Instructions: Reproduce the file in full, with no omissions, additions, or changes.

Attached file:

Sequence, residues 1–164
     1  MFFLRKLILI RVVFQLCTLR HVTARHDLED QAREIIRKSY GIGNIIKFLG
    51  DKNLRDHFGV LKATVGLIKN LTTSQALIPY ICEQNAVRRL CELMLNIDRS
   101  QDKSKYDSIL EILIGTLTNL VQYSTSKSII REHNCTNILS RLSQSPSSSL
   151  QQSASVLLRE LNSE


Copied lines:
Sequence, residues 1–164
     1  MFFLRKLILI RVVFQLCTLR HVTARHDLED QAREIIRKSY GIGNIIKFLG
    51  DKNLRDHFGV LKATVGLIKN LTTSQALIPY ICEQNAVRRL CELMLNIDRS
   101  QDKSKYDSIL EILIGTLTNL VQYSTSKSII REHNCTNILS RLSQSPSSSL
   151  QQSASVLLRE LNSE